Do colorful corals mean you have stressed corals?

BRS

Do you believe that some of our corals produce the best colors when stressed in our tanks?

  • YES

    Votes: 71 12.6%
  • NO

    Votes: 225 39.9%
  • NOT SURE

    Votes: 211 37.4%
  • MAYBE

    Votes: 51 9.0%
  • Other (please explain)

    Votes: 6 1.1%

  • Total voters
    564

revhtree

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This thread got me thinking about the crazy colors of corals we have in our reef tanks and especially those, Easter like, pastel colors we see in acropora. Some of the colors we see is because we use particular settings on our lights to bring out or be able to "see" those colors, aka blue lighting. But in the following video, looking at corals in the wild, the discussion is geared at coral bleaching and how the response of the corals to this bleaching is producing coral colors like they have never seen before. So what about it our tanks?

Watch the video and let's talk about it!

1. Do you believe that some of our corals produce the best colors when stressed in our tanks?

2. What are ways we as hobbyists may be "unknowingly" stressing corals to produce better color?


**Disclaimer: You should not stress your corals for better color**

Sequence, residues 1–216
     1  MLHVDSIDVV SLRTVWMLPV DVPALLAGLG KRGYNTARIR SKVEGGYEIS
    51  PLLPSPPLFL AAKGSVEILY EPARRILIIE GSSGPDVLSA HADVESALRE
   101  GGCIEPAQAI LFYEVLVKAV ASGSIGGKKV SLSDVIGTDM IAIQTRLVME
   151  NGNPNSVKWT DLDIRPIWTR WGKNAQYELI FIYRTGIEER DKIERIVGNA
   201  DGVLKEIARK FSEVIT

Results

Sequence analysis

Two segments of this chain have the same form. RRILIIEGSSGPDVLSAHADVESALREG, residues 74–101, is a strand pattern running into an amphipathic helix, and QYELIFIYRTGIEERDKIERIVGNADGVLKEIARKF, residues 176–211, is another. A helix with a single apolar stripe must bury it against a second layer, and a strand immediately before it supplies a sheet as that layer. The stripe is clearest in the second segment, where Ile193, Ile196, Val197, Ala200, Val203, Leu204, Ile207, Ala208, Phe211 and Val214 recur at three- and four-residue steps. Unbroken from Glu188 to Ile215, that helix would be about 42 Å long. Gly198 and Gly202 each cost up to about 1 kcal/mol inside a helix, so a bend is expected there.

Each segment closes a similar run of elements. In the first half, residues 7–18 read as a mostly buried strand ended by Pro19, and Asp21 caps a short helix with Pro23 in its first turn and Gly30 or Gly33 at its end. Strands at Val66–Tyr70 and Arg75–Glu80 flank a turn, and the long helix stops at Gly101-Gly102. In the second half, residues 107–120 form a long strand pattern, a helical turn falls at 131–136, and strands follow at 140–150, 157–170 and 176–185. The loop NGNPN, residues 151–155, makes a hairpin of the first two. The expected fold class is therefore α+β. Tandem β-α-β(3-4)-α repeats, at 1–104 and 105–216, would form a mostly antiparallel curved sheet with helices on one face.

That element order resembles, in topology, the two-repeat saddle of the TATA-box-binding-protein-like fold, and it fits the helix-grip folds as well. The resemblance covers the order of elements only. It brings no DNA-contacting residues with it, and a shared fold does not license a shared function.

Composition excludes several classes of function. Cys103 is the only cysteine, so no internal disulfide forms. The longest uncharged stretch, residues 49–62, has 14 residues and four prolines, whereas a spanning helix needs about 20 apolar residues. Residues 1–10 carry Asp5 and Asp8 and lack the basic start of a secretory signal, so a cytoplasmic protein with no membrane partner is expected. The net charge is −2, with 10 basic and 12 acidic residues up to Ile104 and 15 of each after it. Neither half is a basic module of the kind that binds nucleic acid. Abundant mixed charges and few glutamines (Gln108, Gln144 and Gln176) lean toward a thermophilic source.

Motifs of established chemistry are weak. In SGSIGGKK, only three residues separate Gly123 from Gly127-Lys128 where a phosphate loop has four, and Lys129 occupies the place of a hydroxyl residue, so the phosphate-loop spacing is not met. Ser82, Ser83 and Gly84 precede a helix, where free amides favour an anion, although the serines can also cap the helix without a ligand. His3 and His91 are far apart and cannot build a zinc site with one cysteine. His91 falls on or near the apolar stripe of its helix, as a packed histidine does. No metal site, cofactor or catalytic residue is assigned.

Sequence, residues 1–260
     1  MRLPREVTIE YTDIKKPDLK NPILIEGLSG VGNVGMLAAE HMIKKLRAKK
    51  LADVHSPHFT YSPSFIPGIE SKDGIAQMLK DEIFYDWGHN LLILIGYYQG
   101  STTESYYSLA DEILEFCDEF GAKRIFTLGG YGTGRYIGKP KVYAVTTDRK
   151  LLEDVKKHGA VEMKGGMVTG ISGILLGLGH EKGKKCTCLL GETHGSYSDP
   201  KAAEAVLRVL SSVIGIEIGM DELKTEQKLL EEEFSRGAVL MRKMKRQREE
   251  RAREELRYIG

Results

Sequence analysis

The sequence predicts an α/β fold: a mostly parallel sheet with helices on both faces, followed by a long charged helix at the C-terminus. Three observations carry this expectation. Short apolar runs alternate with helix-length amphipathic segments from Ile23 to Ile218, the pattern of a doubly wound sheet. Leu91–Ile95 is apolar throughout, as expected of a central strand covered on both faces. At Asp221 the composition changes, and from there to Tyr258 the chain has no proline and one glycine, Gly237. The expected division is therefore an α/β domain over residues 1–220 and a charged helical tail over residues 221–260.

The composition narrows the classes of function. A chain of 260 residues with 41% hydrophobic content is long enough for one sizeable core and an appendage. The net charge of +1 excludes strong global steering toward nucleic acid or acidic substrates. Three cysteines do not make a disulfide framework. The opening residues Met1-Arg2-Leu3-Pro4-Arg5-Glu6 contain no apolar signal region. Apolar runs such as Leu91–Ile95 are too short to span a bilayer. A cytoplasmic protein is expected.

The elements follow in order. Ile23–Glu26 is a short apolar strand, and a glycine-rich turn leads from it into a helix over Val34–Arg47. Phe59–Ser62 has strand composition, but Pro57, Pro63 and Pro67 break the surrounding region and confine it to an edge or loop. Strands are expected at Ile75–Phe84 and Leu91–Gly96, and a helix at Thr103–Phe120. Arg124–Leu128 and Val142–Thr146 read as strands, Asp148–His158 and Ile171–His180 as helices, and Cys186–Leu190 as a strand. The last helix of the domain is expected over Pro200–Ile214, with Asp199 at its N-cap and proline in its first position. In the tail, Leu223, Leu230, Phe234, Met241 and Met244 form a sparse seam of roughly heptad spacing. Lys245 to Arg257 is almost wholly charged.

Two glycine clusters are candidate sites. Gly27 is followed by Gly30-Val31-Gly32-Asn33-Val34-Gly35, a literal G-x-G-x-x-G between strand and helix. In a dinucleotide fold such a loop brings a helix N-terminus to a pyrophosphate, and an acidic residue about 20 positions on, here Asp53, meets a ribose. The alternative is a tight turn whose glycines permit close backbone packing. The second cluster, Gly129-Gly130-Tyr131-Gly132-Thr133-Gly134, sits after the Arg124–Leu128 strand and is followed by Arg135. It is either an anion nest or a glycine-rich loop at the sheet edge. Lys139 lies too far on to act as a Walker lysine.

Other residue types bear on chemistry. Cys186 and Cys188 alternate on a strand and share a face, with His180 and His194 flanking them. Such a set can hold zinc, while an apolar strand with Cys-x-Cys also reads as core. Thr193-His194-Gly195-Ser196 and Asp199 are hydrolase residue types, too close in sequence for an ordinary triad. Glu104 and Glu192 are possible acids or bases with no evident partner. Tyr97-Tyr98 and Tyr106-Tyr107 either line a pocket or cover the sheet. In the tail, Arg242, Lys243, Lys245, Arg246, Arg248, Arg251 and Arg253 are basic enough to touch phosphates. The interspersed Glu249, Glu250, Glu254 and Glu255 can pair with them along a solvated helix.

04.jpg
 
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Just John

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Some of my corals are definitely much brighter when stressed or irritated in some way. We may automatically think of water quality or lighting here, but it's not the only type of stress involved. For example, I have a dark green rhodactis mushroom that turns a very vibrant green when stressed by changes in water flow, something touching it, etc. I also have some Pink Diamond zoas. A couple of them got damaged recently and began to melt very slowly for perhaps 3 weeks. Their color was an incredibly bright pink as they slowly shrank. The brightest pink I have ever seen on any coral.
 
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revhtree

revhtree

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Very cool video too.
 

Charles Zinn

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This thread got me thinking about the crazy colors of corals we have in our reef tanks and especially those, Easter like, pastel colors we see in acropora. Some of the colors we see is because we use particular settings on our lights to bring out or be able to "see" those colors, aka blue lighting. But in the following video, looking at corals in the wild, the discussion is geared at coral bleaching and how the response of the corals to this bleaching is producing coral colors like they have never seen before. So what about it our tanks?